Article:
Kanakki burns the city of Madurai housed in Kauai’s Hindu Monastery.

Apart from these two main epics, we find parallels across cultures, like the Tamil literature, with the best example being the Silappadikaram, the tale of the anklet, that is centred around a woman named Kannagi, who confronts the King of Madurai in what is described as a miscarriage of justice. The work is divided into three main parts, with the second part talking about how Kannagi’s husband Kovalam attempts to sell her anklet and is then wrongly accused and convicted of stealing the queen’s anklet. He is executed by the state for the same. This is where Kannagi comes into play, and makes a connection with a justice-seeking woman who moves Agni, and ends up burning down the whole city of Madurai, proving that her husband was wrongly convicted and the anklet was hers and not the queen’s. Thus, she is seen as a symbol of seeking justice and standing up against an unjust and structurally unequal system in those times.

Lastly, talking about Savitri here, who finds mention in the term ‘Sati-Savitri’ usually as an epitome of being subordinate, obeying and all the things an ideal woman in a patriarchal society should be. This is an example of how people have been ignorant and choose to highlight only certain characteristics which promote the image of a chaste-ideal wife. Both Sati and Savitri were contrary characters, but were independent, had a mind of their own and were assertive. Here, I talk about Savitri, a wise and smart woman who, with her wisdom, was able to reclaim her husband from death. Savitri was a beautiful woman, who exercised the right over her sexual agency and chose Satyavan as her husband even after knowing that he will die in a year. She was an assertive, independent and a woman who honoured her word. After a year, when Yama came for her husband, she did not argue with him but followed Yama and her husband to death and impressed by her determination, Yama granted her three boons, and with her presence of mind, she fooled Yama, the God of death due to which she got her husband back and was able to relieve the distresses of her family. She was a brave, smart and a wise woman who was able to release her husband from the clutches of death.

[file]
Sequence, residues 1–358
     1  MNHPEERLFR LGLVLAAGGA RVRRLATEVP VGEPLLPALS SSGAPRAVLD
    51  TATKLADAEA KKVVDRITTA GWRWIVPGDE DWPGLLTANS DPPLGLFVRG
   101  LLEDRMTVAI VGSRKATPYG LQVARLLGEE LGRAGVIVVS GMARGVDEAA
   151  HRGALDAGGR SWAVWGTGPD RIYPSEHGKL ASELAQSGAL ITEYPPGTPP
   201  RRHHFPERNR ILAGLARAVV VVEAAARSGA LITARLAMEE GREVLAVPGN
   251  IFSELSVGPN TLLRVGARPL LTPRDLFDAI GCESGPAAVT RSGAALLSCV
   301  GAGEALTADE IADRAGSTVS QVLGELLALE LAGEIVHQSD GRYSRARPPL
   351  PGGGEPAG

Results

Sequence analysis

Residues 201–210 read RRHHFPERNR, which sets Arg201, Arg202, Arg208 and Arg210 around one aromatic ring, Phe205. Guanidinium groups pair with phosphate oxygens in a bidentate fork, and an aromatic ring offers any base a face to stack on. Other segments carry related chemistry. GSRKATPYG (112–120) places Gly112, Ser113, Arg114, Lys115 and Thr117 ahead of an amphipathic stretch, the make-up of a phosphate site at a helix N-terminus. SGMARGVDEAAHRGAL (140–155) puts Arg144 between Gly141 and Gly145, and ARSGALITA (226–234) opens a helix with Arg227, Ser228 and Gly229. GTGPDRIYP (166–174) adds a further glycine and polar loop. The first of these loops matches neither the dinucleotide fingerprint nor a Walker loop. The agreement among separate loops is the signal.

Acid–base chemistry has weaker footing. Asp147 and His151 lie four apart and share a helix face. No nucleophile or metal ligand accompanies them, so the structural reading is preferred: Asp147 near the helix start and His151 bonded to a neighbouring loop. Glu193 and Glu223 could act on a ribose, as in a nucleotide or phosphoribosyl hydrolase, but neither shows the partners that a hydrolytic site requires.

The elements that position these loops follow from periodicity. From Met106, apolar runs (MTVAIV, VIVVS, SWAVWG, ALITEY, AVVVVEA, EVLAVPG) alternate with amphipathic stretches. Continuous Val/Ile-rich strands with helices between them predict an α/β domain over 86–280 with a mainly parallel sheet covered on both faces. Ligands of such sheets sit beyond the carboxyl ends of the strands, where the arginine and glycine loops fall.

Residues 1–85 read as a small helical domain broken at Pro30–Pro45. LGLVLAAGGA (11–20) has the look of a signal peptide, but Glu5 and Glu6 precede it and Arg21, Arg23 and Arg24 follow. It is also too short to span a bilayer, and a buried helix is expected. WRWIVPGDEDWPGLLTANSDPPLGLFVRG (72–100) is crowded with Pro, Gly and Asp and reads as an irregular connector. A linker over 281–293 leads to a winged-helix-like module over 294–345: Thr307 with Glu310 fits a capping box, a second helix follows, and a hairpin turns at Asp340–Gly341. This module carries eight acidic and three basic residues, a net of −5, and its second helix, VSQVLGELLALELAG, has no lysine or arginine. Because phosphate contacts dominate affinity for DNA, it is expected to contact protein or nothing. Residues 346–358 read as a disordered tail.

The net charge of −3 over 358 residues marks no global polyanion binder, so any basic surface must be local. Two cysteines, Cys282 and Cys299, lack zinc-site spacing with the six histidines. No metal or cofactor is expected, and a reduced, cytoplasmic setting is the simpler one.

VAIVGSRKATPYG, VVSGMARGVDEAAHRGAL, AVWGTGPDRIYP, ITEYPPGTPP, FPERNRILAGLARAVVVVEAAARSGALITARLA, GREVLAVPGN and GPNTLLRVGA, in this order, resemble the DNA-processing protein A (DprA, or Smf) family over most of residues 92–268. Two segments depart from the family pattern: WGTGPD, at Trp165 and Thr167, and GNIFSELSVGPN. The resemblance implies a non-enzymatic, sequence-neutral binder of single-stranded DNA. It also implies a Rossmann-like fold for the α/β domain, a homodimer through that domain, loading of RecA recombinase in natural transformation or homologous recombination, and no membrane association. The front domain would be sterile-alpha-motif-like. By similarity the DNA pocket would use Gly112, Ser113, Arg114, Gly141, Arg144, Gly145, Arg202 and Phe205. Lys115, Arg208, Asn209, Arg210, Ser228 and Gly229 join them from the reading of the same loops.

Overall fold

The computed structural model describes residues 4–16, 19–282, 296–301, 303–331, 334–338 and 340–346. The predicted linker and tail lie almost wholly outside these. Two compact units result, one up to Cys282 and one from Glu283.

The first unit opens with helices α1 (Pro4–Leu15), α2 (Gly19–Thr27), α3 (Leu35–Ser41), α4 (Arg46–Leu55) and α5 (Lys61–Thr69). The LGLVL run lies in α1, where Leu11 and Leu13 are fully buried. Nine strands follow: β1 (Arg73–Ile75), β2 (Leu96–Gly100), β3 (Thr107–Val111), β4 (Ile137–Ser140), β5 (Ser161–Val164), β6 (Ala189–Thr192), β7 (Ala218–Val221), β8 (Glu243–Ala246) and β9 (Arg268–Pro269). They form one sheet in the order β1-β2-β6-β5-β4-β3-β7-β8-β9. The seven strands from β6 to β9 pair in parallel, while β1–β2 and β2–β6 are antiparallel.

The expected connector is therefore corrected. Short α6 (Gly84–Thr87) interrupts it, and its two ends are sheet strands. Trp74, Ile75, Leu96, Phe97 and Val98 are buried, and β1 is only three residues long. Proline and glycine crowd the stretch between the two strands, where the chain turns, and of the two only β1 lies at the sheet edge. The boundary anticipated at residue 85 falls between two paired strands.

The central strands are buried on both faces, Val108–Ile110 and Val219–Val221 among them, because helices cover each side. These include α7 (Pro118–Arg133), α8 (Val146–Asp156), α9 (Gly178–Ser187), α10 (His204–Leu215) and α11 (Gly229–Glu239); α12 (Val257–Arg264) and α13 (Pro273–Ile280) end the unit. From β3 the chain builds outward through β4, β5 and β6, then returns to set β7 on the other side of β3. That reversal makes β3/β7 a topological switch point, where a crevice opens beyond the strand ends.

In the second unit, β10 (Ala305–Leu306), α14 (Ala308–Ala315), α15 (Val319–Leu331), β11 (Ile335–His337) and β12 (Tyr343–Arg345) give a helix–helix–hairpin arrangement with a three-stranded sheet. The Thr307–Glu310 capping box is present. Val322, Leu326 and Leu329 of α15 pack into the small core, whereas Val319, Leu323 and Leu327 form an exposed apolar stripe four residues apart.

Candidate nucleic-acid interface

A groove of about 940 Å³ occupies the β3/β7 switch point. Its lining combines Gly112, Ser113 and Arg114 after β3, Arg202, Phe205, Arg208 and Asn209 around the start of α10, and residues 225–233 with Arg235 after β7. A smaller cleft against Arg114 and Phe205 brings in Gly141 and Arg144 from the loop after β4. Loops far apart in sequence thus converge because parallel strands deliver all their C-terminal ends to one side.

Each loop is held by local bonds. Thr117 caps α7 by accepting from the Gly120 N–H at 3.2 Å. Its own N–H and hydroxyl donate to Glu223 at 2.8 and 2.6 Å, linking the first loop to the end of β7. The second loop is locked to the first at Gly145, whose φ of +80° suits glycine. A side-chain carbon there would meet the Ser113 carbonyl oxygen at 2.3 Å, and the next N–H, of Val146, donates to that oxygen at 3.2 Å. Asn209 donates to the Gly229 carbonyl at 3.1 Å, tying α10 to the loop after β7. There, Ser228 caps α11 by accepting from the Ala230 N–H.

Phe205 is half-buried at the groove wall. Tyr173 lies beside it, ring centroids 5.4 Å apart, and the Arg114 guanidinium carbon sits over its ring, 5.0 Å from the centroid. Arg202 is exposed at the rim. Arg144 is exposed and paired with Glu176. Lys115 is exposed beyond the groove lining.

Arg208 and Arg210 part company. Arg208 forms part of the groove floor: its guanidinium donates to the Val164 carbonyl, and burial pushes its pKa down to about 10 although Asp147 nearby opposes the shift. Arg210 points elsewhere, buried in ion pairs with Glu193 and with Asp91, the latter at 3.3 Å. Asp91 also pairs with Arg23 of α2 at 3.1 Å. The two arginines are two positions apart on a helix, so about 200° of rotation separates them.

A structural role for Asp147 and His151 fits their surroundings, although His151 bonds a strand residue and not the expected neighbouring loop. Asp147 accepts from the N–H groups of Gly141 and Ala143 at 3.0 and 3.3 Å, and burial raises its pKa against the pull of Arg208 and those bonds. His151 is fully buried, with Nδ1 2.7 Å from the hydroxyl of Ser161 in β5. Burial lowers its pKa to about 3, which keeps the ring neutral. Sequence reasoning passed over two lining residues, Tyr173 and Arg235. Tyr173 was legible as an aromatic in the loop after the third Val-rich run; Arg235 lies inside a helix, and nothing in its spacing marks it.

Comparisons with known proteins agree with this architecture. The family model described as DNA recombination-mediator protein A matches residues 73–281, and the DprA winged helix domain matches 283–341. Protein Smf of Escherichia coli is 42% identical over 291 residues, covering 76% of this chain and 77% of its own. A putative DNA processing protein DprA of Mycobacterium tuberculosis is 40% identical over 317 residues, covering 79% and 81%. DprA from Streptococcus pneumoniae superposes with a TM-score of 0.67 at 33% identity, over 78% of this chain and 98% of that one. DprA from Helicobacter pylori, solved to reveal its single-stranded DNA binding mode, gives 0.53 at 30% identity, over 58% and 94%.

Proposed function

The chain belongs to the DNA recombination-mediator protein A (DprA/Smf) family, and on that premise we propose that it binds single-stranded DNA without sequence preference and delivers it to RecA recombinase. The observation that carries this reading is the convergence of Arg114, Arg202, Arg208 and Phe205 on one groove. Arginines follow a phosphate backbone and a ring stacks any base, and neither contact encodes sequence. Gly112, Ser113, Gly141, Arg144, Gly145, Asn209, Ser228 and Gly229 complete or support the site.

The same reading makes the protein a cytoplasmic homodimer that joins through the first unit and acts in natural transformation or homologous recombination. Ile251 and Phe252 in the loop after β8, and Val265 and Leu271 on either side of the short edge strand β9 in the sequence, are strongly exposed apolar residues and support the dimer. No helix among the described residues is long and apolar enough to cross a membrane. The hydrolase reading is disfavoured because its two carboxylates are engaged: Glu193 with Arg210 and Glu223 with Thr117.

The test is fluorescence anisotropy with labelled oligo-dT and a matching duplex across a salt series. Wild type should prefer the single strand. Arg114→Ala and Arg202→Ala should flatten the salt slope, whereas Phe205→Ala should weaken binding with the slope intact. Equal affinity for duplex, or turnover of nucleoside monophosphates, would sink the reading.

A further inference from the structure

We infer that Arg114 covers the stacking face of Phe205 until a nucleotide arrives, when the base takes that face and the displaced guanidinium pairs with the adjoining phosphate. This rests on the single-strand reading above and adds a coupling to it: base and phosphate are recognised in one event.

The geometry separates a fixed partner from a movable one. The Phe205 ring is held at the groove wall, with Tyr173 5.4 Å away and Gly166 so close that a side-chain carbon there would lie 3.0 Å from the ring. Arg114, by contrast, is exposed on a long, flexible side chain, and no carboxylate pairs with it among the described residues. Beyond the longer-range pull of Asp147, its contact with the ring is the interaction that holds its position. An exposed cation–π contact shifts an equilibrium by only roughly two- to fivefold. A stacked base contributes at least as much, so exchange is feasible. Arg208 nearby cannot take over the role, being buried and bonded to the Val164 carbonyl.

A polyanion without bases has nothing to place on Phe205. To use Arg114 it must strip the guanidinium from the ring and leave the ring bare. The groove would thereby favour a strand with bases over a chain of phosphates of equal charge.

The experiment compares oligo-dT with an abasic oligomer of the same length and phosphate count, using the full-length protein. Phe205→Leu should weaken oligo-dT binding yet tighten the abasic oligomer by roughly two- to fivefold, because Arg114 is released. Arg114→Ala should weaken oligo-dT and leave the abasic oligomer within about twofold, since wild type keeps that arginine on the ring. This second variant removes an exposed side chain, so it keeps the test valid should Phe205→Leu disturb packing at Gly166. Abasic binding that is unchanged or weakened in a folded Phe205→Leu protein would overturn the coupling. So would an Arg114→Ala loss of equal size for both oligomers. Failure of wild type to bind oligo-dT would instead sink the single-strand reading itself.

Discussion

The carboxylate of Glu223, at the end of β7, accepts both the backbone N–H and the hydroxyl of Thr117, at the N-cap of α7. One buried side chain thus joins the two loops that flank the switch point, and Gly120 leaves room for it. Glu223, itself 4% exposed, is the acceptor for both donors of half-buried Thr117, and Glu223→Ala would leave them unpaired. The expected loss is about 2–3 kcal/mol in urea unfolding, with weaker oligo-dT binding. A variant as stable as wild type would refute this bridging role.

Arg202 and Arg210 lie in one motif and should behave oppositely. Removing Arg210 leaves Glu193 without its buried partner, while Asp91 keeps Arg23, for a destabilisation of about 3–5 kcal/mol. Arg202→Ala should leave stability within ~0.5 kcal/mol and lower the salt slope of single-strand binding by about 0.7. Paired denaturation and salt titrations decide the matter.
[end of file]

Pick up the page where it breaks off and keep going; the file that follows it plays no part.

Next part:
Thus, the mythology talks about so many women, whose stories have been systematically excluded, ignored and in case of inclusion, misinterpreted. Tracing the existence and importance of women, we can look at how during the period of Indus Valley Civilisation, the Mother Goddess was the central figurine and historians believe that she was worshipped and deified by locals. There have been cases where strong women characters have been ignored, not mentioned or given a different moral stage. Strong woman characters have been subjugated, ignored and vilified. The same is reiterated when we continue to share these narratives to people around us, especially children without a thought. Efforts to reinterpret and provide alternatives where women are showcased as important as men are necessary in order to unlearn the narratives we have been subjected to. Be it Ahalya who was turned into a stone, but was able to mitigate her curse with her charm and seduction or Shakuntala who bore the first Emperor of Indian Mythology as a single parent or Chitrangada, who is clearly mentioned as the son her dad never had; all these women have been a rebellion in more than one way, some by adopting inherently masculine functions and some by resistance against a system which is inherently patriarchal, actively or passively. It is time these narratives are brought into the mainstream viewpoint and form an important part of discussions and contributions made by women in the world that we live in today.

By Sanya Sethi